After weeks of media speculation on what the jurors in George Zimmerman’s murder trial might be thinking, one of the six women who acquitted him spoke out for the first time tonight. The woman appeared on Anderson Cooper 360 in silhouette and was identified only by her juror number, B-37. While the verdict sparked protests across the country and a massive discussion on race, the juror says the issue never came up in deliberations. “I thought all of us did not think race played a role,” she said. George Zimmerman would have “profiled anybody who came in and acted strange,” regardless of race, she explained, because he was “overeager to help people” in his neighborhood.
The juror said she feels Zimmerman’s “heart was in the right place. It just went terribly wrong.” She noted that “it’s everyone’s right to carry a gun,” but Zimmerman shouldn’t have gotten out of his car. “I think he’s guilty of not using good judgment,” she said. However, she feels that at some point their “roles changed.” “Trayvon decided that he wasn’t going to let him scare him and get the one-over, up on him, or something,” she said. “And I think Trayvon got mad and attacked him.”
When deliberations began, half the jury felt Zimmerman was not guilty (including B-37), two jurors believed he was guilty of manslaughter, and one thought he’d committed second degree murder. Juror B-37 says they found the law “very confusing” but decided that they had to focus on the moments immediately before Martin was shot, even if Zimmerman instigated the altercation, “because of the heat of the moment and the stand your ground.” “He had a right to defend himself,” she explained. “If he felt threatened that his life was going to be taken away from him or he was going to have bodily harm, he had a right.”
It was reported earlier that juror B-37 plans to write a book about her experience with her attorney husband, but Anderson Cooper said she insists they don’t want to profit from the case. She wanted the public to know that the jurors considered everything very carefully, and cried after they reached their verdict. “It was just hard, thinking that somebody lost their life, and there’s nothing else that could be done about it,” she said. “It’s a tragedy this happened, but it happened. And I think both were responsible for the situation they had gotten themselves into. I think both of them could have walked away. It just didn’t happen.”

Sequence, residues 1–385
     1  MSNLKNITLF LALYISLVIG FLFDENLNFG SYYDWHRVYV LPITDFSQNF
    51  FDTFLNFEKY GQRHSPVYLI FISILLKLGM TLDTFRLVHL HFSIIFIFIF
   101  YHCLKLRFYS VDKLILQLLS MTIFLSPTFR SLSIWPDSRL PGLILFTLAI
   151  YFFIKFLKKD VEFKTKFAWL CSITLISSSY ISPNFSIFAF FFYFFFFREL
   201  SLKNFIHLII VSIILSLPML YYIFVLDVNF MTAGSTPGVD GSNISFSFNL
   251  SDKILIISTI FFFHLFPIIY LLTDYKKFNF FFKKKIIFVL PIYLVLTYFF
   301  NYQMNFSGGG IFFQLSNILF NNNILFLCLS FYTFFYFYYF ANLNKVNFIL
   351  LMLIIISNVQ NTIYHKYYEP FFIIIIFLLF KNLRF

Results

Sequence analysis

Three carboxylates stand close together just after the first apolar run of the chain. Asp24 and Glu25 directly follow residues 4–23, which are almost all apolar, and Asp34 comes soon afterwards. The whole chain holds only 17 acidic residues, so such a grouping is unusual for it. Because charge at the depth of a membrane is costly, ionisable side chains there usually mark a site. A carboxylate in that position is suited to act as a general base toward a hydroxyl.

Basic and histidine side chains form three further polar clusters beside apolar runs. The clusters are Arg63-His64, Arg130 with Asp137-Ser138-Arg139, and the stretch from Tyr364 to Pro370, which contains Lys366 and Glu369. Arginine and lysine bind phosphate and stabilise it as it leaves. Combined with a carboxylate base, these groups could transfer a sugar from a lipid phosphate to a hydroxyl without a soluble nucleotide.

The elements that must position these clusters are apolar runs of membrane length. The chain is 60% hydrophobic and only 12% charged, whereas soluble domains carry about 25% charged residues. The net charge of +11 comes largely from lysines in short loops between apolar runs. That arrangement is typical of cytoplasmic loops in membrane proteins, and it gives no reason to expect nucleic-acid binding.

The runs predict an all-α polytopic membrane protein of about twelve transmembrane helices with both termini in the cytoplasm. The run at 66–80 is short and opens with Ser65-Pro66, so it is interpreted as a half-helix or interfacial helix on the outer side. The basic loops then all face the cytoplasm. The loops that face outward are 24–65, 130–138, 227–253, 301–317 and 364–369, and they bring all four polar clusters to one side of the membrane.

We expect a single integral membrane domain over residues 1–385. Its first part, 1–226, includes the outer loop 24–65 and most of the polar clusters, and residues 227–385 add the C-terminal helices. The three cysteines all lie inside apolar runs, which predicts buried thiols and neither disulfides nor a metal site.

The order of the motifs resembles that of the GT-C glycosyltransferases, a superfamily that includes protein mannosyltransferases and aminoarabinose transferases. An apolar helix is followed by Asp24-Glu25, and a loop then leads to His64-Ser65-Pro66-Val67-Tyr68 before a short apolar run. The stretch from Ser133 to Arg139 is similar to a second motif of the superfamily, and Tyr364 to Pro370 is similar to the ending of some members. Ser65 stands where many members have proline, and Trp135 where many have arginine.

Update: Well, that was fast. Juror B-37’s literary agent, Sharlene Martin, announced on Twitter just before midnight, “After careful consideration of the book project with Zimmerman #JurorB37, I have decided to rescind my offer of representation.” Moments later she posted a statement from the juror herself.
Update II: Martin’s friend Rachel Jeantel, who was on the phone with him when Zimmerman approached that night, appeared with Piers Morgan, calling the verdict “B.S.” She said she “had a feeling it was going to be ‘not guilty’,” but was “disappointed, upset, angry” nonetheless. “Trayvon is not a thug,” she said, calling him a “calm, chill, loving person.”
Asked about her testimony, which was criticized as hard to understand, Jeantel explained that she has a medical condition, an underbite. “I had this situation since kindergarten,” Jeantel said. “Words I can say, they can’t come out right.” Morgan asked if she was bullied. “Look at me,” she said. “No.”